Australia Caps Number of Returning Citizens, Reviews Quarantine
(Bloomberg) -- Australia will halve the number of citizens who can return home each week to relieve pressure on its quarantine system as an outbreak in the nation’s second-most populous state worsens, Prime Minister Scott Morrison said Friday.
Morrison also told reporters the process of quarantining arrivals in hotels would be reviewed, after missteps in Melbourne saw security guards contract the virus -- contributing to an outbreak in the city. Victoria state recorded a record 288 new cases in the past 24 hours, and urged residents to begin wearing masks -- a departure from the health advice issued so far in Australia’s Covid-19 crisis.
More than 70,000 Australian citizens and permanent residents have undertaken 14-days of mandatory isolation at government-leased hotels since the crisis began and the policy has helped contain the spread of the virus. But the system is creaking, particularly as flights are rerouted due to the outbreak in Melbourne, placing pressure on other parts of the country.
Many nations require incoming passengers to self-isolate, but only a handful including New Zealand and Vietnam mandate quarantine in hotels or other facilities. In South Korea, citizens can self-isolate at home but foreigners are quarantined at government-run sites.
Morrison said it was inevitable the cap on numbers would now make it more difficult for Australians to come home and lead to delays. Some 4,000 fewer people would be arriving home each week, he said.
The quarantine review will examine issues such as training for security guards and hotel staff, testing and management of suspected and confirmed cases.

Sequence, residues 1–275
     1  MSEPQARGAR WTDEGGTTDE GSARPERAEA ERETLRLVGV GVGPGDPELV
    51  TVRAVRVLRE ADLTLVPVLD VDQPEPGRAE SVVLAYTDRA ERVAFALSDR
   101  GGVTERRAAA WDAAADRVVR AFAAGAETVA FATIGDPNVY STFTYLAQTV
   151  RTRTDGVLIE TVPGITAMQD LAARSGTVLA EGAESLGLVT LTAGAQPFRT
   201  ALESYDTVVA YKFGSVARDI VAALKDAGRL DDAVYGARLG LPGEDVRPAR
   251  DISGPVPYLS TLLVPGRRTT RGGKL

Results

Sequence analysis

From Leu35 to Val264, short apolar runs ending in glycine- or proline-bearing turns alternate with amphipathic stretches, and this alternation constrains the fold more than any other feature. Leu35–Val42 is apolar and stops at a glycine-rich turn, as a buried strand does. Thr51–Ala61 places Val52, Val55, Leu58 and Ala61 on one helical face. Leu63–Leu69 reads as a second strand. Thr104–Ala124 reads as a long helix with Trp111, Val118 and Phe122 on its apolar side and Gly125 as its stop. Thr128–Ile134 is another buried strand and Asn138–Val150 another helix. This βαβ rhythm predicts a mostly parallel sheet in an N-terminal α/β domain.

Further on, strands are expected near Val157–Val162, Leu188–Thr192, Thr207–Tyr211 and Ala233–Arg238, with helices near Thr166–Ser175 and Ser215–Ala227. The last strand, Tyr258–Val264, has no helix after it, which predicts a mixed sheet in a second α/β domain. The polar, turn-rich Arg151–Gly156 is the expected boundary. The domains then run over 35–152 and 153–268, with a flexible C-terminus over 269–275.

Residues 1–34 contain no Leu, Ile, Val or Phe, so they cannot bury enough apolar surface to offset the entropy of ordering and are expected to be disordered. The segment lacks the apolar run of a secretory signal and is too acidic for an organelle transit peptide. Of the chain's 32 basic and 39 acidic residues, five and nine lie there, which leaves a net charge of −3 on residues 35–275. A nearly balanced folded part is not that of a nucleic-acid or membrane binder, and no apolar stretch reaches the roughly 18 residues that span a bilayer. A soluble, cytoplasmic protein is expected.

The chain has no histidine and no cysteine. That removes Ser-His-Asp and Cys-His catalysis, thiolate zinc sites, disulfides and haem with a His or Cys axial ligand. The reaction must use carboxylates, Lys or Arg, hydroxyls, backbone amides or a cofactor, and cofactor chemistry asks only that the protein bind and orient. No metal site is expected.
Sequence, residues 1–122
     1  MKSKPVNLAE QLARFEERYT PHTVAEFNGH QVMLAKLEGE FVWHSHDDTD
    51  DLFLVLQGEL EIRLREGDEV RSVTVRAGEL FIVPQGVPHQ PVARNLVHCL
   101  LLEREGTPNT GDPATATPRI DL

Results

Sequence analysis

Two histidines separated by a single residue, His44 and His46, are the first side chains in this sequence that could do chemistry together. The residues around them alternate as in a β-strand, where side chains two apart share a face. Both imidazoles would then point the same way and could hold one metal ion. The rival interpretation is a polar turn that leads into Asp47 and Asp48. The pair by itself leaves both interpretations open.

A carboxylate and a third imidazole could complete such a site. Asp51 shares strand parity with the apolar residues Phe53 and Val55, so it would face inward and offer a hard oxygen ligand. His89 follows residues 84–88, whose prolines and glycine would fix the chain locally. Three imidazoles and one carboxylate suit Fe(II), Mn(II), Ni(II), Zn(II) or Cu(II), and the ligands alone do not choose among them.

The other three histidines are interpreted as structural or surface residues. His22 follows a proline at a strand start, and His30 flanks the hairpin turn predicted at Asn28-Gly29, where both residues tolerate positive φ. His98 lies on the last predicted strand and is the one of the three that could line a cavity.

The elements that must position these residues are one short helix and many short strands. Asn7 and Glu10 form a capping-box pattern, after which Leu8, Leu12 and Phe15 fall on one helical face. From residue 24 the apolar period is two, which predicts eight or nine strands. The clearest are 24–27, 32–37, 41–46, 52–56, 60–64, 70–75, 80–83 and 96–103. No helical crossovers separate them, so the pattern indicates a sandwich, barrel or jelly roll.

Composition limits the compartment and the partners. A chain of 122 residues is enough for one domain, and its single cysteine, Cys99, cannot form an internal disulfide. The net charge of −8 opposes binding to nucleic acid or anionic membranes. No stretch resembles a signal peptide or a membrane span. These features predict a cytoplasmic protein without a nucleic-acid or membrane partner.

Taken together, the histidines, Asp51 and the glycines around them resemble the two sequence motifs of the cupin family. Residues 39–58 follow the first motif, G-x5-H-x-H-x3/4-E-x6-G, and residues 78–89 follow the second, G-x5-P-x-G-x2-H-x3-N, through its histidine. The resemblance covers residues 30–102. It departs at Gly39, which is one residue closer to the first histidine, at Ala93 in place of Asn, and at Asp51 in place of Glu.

Australia had enjoyed early success in crushing the curve of virus infections by shutting its international border, quarantining arrivals, social distancing measures and a widespread testing and tracing regime.
But a mixture of complacency as restrictions were eased, and missteps in Victoria’s quarantine program, has seen a fresh outbreak that’s led to Melbourne being placed in a six-week lockdown.
“Certainly 288 new cases today is a pretty ugly number,” Victoria’s Chief Health Officer Brett Sutton told reporters. He urged Melbourne residents to wear masks where social distancing was difficult, such as on public transport. Unlike countries such as Japan and China where mask-wearing is common to curb colds and flu and has been prevalent during the pandemic, the practice is rare in Australia.
Sutton said he expected the daily virus count to plateau in the next week, provided people follow stay-at-home directions.
Like other states and territories, Victoria ordered all international arrivals into hotel isolation. But instead of drafting in police to oversee the operation, as was done elsewhere in the country, the state farmed the task out to security firms without even inviting tenders for the contract, according to local media reports.
A litany of malpractice followed, the Herald Sun newspaper reported, including improper use of personal protection equipment, allowing families to mix in each other’s rooms, and even some guards having sex with quarantined guests.
According to the report, the virus spread among the guards who car-pooled or shared cigarette lighters. They then unwittingly introduced the disease to their own communities in Melbourne’s poorer and more multicultural suburbs where it spread through large family gatherings that breached social-distancing rules.
The six-week stay-at-home order in Melbourne is set to devastate the city’s restaurants, cafes, beauty spas and small retailers, which were just taking their first tentative steps back to business-as-usual after an earlier nationwide lockdown.
The sweeping restrictions threaten to deepen and prolong Australia’s first recession in almost 30 years. Victoria contributes about one-quarter of gross domestic product, but is now isolated from the rest of the country as other states shutter their borders against a worrying spike in community transmission.
Melbourne’s travails also provide a cautionary tale for other big, service economy-driven cities such as London, that are reopening pubs and restaurants in a bid to jump-start their crippled economies.
©2020 Bloomberg L.P.